Last night, it was reported that Superdrug had warned its online customers to change their passwords after criminals claimed to have obtained their personal details. The chain said the group claimed they had stolen details of 20,000 customers.

This is just the latest in a long line of businesses that have been victims of a data breach over the past few years and once again it highlights the importance of any business with an online presence to ensure their security is kept up to date at all times.

Just last year, Dixons Carphone, which owns Carphone Warehouse and Currys PC World, suffered a huge data breach involving 10 million customers.

Back in 2015, TalkTalk was hit by a cyber attack which led to the theft of the personal data of nearly 157,000 customers.

“Names, addresses and in some cases date of births and phone numbers may have been accessed…No customers’ payment card details had been accessed” Superdrug Spoekesperson.

The Growing Importance Of Cyber Security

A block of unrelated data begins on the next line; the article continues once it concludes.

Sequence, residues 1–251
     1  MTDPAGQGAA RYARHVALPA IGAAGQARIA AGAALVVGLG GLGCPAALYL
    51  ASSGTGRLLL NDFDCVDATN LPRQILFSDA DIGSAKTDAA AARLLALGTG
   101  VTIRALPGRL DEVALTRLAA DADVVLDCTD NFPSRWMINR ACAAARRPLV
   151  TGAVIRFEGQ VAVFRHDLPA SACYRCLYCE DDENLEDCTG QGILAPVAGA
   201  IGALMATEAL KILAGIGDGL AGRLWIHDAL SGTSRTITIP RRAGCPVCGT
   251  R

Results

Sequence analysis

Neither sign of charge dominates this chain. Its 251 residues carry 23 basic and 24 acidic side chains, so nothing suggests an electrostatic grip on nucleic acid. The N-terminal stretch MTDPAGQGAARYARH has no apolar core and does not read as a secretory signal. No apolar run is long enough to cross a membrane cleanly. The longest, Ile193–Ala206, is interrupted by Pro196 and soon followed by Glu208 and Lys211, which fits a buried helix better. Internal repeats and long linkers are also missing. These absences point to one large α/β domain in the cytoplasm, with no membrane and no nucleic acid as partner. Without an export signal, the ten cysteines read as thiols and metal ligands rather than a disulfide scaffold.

From a consumer/customer perspective it is at the level now where it feels like a matter of when not if our details will be accessed by some data breach from one of the large companies that we use regularly.

“The biggest issue with the possible breach of private information from Superdrug customers is that this is another blow to our collective privacy. There is a laundry list of names of the biggest corporations in the world that have been dealt a collective knock down over the years whether it be Equifax, Anthem, Target, Heartland or eBay, to name a few.

“We know the list of companies suffering breaches where personal information of their customers was compromised is in the thousands. The reality is that the cost to gain information on consumers has plummeted and should be at the forefront of the debate.

“Today, every consumer should be working under the assumption that their personal information has been compromised many times over, and the latest Superdrug hack is a reminder that they should watch their identities and credit for abuses.” Sam Curry, Chief Security Officer at Cybereason

“Whilst there is little detail in the communications to date, the hacker has clearly released a number of stolen records to Superdrug, to prove they have some portion of customer information. Superdrug have not stated the hackers demands but this could be the first case of attempted GDPR blackmail.” Andy Norton, Director of Threat Intelligence at Lastline:

How does this latest data breach make you feel about your personal information online? Let us know in the comments below or in our Facebook Group.

Similar Posts

Leave a Reply

Your email address will not be published.

This site uses Akismet to reduce spam. Learn how your comment data is processed.